L.A. has one of the best earthquake building codes of any city. The code, along with the willingness of many building owners to go above and beyond it, creates a city that isn’t exactly “earthquake proof”, but is well-equipped to withstand a strong shake. Simple technology, such as concrete reinforced with rebar, combined with complex technology, such as base isolation, supports metal superstructures that, as gargantuan as they are, boast impressive strength-to-weight ratios.
Residences in L.A. are another story. Traditionally, residential architecture in the city shows a strong Spanish influence. You see lots of stucco and asymmetrical facades. Behind those facades, more recently built residences often have a wood or metal frame. The masonry may fall away during an earthquake, but the basic structure should remain intact.
Following a major quake, traditional residences may be the ones that need the most intensive structural and foundation repair in Los Angeles. However, when an earthquake retrofit in Los Angeles is performed by A-List Builders, the goal of the job can go beyond ensuring that public safety concerns and structure survivability are addressed. Depending on the characteristics of the residence, the goal can exceed the expectations of stringent earthquake building codes for the public sector. The residence’s full functionality may be preserved. There may even be the potential to render the home unaffected by the quake.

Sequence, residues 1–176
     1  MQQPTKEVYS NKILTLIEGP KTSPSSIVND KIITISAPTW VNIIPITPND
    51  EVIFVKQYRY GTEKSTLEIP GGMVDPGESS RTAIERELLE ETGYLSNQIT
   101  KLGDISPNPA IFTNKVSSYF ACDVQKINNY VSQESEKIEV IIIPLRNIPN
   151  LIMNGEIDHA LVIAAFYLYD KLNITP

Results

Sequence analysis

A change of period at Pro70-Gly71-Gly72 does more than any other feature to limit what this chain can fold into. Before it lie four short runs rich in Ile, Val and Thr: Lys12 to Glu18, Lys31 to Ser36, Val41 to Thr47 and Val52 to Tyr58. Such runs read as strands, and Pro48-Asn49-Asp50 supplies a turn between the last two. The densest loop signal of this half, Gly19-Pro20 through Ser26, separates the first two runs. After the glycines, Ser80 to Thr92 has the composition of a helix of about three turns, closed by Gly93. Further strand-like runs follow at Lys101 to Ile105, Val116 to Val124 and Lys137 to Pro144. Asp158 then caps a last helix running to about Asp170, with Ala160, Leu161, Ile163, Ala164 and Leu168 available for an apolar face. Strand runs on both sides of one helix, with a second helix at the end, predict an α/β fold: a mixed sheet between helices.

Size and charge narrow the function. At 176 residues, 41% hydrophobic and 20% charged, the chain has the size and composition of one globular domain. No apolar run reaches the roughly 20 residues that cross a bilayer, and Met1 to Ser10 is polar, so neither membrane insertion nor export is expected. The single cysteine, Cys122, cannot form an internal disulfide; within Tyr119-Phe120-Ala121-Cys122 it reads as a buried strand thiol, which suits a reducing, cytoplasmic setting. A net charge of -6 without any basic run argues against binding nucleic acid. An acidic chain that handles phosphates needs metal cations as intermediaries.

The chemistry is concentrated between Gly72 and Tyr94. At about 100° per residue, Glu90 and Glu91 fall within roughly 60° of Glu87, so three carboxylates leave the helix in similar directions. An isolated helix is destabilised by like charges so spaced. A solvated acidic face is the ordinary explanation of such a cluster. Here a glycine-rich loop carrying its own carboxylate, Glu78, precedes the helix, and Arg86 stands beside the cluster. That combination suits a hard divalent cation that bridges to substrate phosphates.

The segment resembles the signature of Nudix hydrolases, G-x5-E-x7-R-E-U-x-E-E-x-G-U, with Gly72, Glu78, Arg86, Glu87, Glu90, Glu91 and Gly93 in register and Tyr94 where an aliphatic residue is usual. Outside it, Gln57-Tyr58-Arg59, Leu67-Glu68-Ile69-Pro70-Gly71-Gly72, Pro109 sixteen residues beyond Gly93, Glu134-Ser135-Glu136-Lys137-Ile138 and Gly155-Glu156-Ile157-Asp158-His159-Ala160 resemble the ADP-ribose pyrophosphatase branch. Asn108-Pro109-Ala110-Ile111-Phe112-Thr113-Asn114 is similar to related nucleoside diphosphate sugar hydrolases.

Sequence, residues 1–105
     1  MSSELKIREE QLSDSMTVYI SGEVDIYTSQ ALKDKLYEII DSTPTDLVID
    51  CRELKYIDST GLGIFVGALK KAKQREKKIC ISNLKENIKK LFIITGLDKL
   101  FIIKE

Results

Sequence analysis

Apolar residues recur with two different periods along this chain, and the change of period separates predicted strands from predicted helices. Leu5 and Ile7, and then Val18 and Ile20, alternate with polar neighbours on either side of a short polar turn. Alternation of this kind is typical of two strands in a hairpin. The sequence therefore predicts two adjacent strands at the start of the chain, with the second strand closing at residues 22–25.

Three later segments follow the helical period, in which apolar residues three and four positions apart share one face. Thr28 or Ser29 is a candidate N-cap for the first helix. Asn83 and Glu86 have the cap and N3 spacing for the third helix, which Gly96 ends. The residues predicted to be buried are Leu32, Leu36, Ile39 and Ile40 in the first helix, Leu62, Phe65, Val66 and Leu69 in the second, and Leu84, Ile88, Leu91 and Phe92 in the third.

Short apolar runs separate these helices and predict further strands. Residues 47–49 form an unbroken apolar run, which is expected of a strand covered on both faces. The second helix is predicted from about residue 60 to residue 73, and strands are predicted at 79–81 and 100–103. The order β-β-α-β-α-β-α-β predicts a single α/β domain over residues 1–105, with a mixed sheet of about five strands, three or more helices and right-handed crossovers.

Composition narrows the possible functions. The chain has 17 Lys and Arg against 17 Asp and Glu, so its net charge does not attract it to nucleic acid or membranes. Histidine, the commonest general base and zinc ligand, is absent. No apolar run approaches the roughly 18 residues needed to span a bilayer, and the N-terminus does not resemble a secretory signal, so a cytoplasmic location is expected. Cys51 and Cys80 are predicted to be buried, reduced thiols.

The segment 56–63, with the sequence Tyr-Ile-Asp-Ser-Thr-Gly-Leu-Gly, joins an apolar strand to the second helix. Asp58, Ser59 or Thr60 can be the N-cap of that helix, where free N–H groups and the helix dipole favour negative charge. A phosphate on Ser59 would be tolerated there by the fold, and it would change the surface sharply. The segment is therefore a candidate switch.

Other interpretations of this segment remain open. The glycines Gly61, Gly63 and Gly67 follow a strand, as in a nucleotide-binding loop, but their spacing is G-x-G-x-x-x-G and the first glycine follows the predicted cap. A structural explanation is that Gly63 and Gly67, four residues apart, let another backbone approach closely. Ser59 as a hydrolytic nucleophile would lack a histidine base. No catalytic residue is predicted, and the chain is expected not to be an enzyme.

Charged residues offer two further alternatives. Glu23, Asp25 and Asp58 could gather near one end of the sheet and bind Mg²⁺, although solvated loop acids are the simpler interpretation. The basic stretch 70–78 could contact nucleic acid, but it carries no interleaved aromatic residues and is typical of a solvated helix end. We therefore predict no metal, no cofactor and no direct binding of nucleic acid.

Regarding what types of L.A. residences can significantly benefit from retrofits, helpful information can be extrapolated from the Santa Monica Seismic Retrofit program.
The Next Big Quake — Is it Really on the Way?
At some point, another momentous earthquake will almost certainly shake Los Angeles. But even the most adroit seismologists in Southern California, who have studied their native tectonic plate for years, can not say precisely when it will arrive — not even within a span of decades or centuries.
As USGS.gov points out, “There are only two large known historic earthquakes on the San Andreas Fault in southern CA, the most recent in 1857, and before that one in 1812. With about 45 years between the historic earthquakes but about 160 years since the last one, it is clear that the fault does not behave like a clock with a regular beat.”
That’s not exactly consoling. However, just as you can’t be certain that another foundation busting quake will shake L.A. in the next century, you can be sure that it won’t. This leaves homeowners with one reasonable option for protecting their residences and loved ones, in the event that a high-intensity quake happens sooner than later: implementing an earthquake retrofit in Los Angeles proactively.
Contact A-List Builders for Your Free Estimate
Frequent earthquakes are a reality of life in L.A. Thankfully, most of them are minor rumbles that don’t appear to precede bigger ones. However, because no one knows when a quake of great significance will happen, it’s important to be prepared for such an event, day after day. If you need an earthquake retrofit in Los Angeles, please contact us for a free estimate today.